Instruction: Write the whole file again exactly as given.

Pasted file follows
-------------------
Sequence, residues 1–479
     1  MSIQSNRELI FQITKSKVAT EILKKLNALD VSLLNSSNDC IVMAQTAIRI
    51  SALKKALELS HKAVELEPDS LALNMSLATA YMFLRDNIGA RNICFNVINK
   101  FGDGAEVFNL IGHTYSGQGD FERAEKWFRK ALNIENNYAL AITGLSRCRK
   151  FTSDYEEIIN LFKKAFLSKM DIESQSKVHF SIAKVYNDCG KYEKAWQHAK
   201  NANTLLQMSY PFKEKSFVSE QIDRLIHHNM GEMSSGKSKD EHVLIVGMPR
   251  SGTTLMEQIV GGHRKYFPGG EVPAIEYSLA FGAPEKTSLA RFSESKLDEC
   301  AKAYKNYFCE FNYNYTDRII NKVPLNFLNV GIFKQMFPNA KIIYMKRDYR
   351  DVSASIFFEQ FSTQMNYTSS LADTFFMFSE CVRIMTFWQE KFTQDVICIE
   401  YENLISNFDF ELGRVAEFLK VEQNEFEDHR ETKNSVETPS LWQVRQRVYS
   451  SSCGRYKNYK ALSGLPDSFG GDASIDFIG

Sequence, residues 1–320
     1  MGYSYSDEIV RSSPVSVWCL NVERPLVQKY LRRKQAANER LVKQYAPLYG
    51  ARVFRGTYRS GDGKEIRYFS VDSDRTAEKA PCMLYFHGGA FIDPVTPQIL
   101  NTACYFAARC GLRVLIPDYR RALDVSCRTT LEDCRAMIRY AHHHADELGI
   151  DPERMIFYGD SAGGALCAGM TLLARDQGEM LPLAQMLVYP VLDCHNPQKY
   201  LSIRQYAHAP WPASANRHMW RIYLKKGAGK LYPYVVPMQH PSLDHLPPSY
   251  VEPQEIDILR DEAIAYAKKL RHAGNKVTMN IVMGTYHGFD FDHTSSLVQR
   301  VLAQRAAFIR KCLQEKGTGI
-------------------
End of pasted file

Sequence, residues 1–479
     1  MSIQSNRELI FQITKSKVAT EILKKLNALD VSLLNSSNDC IVMAQTAIRI
    51  SALKKALELS HKAVELEPDS LALNMSLATA YMFLRDNIGA RNICFNVINK
   101  FGDGAEVFNL IGHTYSGQGD FERAEKWFRK ALNIENNYAL AITGLSRCRK
   151  FTSDYEEIIN LFKKAFLSKM DIESQSKVHF SIAKVYNDCG KYEKAWQHAK
   201  NANTLLQMSY PFKEKSFVSE QIDRLIHHNM GEMSSGKSKD EHVLIVGMPR
   251  SGTTLMEQIV GGHRKYFPGG EVPAIEYSLA FGAPEKTSLA RFSESKLDEC
   301  AKAYKNYFCE FNYNYTDRII NKVPLNFLNV GIFKQMFPNA KIIYMKRDYR
   351  DVSASIFFEQ FSTQMNYTSS LADTFFMFSE CVRIMTFWQE KFTQDVICIE
   401  YENLISNFDF ELGRVAEFLK VEQNEFEDHR ETKNSVETPS LWQVRQRVYS
   451  SSCGRYKNYK ALSGLPDSFG GDASIDFIG

Sequence, residues 1–320
     1  MGYSYSDEIV RSSPVSVWCL NVERPLVQKY LRRKQAANER LVKQYAPLYG
    51  ARVFRGTYRS GDGKEIRYFS VDSDRTAEKA PCMLYFHGGA FIDPVTPQIL
   101  NTACYFAARC GLRVLIPDYR RALDVSCRTT LEDCRAMIRY AHHHADELGI
   151  DPERMIFYGD SAGGALCAGM TLLARDQGEM LPLAQMLVYP VLDCHNPQKY
   201  LSIRQYAHAP WPASANRHMW RIYLKKGAGK LYPYVVPMQH PSLDHLPPSY
   251  VEPQEIDILR DEAIAYAKKL RHAGNKVTMN IVMGTYHGFD FDHTSSLVQR
   301  VLAQRAAFIR KCLQEKGTGI